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Int. J. Environ. Res. Public Health 2019, 16(4), 532; https://doi.org/10.3390/ijerph16040532

Physical Activity of Workers in a Hospital

Department of Rehabilitation Medicine, St. Vincent’s Hospital, College of Medicine, The Catholic University of Korea, Seoul 16247, Korea
*
Author to whom correspondence should be addressed.
These authors contributed equally to this work.
Received: 13 January 2019 / Revised: 8 February 2019 / Accepted: 11 February 2019 / Published: 13 February 2019
(This article belongs to the Special Issue Physical Activity and Health)
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PDF [673 KB, uploaded 13 February 2019]
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Abstract

Purpose: This study aims to evaluate the physical activity of healthcare personnel and the affecting factors of physical activity (PA) in a hospital using an accelerometer device (Actigraph wGT3X-BT). Method: A total of 63 subjects (22 physicians, 19 nurses, and 23 supporting staff) participated and wore an accelerometer for seven days. Among the outputs, the mean counts for a minute, time spent for light, moderate, and vigorous intensity PA, and step count were extracted. As a secondary study, 16 subjects continued for one more week after feedback on their PA of the previous week and counseling to encourage PA. Result: Most of (62/63) the participants fulfilled the recommended amount of PA, which is more than 300 min of moderate to vigorous physical activity (MVPA). Physicians showed significantly less PA than nurses or supporting staffs: Mean counts per minute (210.4 vs. 476.0 and 441.8 respectively), time in MVPA per week (904.7 min vs. 1471.3 min and 1451.0 min), and step counts per week (69,029 vs. 87,119 and 84,700) (p < 0.001). Nurses and supporting staff were not statistically different. There was no significant difference in the PA of workers in the hospital regarding gender and marital status. However, the average calorie expenditure of the child raising group was significantly higher. There was no statistically significant difference in PA before and after counseling. No participants reported a vigorous degree of exercise intensity over the study period. Conclusion: Most of the healthcare personnel met the recommended PA, however, only 57% (36/63) recalled having engaged in MVPA during the study period. The group of physicians showed less PA compared to nurses or supporting staff. Single check-up and counseling were not found to increase PA. View Full-Text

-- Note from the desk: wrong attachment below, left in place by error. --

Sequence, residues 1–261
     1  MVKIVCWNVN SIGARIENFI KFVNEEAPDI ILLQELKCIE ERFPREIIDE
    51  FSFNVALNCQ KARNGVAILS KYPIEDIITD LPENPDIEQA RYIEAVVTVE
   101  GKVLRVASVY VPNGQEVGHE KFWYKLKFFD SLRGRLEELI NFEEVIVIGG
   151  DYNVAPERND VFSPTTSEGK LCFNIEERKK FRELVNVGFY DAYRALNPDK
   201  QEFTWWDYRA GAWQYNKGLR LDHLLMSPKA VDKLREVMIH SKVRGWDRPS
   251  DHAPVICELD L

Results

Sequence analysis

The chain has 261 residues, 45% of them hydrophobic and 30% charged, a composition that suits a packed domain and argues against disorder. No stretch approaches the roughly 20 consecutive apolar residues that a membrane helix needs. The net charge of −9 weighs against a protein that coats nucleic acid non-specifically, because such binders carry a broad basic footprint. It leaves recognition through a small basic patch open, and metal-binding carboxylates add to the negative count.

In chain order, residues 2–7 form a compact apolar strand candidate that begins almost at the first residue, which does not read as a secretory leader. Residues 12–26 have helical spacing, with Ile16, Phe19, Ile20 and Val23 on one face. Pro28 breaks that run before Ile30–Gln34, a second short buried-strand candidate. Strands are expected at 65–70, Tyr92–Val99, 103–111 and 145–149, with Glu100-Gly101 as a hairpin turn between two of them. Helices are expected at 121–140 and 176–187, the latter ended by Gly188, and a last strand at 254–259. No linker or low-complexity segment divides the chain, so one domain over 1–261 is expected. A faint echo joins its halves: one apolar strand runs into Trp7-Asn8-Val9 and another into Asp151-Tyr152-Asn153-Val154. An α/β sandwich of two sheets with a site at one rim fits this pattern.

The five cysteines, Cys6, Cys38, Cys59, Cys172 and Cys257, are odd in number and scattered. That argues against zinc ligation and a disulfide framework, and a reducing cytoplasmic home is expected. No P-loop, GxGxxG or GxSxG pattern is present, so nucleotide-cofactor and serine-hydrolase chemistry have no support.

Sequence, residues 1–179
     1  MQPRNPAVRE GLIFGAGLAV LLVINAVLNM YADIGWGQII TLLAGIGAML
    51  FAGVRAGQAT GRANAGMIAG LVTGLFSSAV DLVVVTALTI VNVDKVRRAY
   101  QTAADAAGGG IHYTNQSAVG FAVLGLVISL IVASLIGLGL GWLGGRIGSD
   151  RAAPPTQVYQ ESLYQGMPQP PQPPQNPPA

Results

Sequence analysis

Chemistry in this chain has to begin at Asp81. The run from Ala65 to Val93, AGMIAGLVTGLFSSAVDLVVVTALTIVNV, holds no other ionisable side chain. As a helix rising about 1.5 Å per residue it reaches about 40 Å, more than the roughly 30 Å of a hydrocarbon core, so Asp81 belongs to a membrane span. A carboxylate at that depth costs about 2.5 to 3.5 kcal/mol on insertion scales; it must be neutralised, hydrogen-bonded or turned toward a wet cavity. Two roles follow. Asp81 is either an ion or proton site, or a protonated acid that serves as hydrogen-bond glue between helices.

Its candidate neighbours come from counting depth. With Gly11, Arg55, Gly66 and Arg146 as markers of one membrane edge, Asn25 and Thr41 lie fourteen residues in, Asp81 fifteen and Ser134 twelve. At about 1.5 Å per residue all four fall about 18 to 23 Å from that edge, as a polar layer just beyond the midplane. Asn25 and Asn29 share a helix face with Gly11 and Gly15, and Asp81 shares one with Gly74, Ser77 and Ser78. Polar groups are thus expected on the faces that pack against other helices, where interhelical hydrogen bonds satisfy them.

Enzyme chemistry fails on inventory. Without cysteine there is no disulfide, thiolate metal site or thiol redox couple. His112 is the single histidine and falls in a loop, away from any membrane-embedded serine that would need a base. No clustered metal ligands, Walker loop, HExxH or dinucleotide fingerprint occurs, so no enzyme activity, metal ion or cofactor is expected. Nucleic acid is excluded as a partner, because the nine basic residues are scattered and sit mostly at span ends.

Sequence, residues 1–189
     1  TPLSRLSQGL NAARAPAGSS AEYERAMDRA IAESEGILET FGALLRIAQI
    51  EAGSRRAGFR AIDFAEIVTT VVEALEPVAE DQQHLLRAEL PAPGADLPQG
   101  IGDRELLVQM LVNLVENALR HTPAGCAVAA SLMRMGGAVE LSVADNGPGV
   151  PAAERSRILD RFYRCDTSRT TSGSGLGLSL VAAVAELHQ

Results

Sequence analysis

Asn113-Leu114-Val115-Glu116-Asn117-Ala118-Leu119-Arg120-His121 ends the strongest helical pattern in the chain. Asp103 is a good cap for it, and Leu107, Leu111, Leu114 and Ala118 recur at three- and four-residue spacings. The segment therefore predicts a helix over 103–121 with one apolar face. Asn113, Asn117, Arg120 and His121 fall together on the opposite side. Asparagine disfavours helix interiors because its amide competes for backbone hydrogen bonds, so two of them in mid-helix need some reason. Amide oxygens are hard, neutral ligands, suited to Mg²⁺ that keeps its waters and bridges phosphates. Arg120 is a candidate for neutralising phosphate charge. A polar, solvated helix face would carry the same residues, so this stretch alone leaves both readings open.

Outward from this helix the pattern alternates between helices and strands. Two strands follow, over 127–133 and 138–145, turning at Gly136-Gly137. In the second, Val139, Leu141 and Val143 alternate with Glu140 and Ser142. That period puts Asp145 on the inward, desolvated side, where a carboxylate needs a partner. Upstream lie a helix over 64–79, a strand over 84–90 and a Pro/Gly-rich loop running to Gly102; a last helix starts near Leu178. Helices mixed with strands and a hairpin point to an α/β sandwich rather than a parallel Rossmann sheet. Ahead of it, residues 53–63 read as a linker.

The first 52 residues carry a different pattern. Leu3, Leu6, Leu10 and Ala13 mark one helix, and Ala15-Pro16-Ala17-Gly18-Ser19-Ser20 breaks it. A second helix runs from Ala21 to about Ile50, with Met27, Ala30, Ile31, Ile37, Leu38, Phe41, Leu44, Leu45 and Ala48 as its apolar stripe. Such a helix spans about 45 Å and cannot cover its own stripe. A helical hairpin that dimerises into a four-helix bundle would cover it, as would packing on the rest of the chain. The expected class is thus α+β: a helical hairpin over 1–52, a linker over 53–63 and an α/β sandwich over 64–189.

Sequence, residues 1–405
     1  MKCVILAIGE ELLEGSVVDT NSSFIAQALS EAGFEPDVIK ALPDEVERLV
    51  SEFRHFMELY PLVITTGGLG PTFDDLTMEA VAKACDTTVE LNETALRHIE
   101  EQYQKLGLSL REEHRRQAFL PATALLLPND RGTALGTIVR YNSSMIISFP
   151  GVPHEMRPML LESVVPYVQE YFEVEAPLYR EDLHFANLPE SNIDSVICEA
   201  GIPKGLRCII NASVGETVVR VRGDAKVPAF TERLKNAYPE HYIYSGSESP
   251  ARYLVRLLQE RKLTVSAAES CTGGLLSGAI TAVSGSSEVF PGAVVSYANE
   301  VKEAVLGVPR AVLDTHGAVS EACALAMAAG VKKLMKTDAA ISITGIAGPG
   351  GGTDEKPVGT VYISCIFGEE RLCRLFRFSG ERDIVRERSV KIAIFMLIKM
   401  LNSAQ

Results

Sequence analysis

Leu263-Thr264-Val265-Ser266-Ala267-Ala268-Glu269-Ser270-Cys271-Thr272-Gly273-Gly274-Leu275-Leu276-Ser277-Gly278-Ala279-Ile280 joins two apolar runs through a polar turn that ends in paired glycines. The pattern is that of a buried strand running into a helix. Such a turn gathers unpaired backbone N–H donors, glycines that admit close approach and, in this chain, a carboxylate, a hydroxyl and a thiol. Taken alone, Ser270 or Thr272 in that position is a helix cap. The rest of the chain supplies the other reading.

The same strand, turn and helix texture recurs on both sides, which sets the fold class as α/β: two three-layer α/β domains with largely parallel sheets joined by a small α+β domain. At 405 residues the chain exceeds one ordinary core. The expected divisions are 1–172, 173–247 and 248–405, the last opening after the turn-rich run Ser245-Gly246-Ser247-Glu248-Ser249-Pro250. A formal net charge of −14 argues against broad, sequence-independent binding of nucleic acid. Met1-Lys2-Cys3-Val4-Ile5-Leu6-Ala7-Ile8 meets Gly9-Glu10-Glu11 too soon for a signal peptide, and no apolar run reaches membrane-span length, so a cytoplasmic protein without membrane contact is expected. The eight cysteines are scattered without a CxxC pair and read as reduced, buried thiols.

Keywords: occupational health; physical activity; healthcare worker occupational health; physical activity; healthcare worker
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Jun, S.Y.; Kim, J.; Choi, H.; Kim, J.S.; Lim, S.H.; Sul, B.; Hong, B.Y. Physical Activity of Workers in a Hospital. Int. J. Environ. Res. Public Health 2019, 16, 532.

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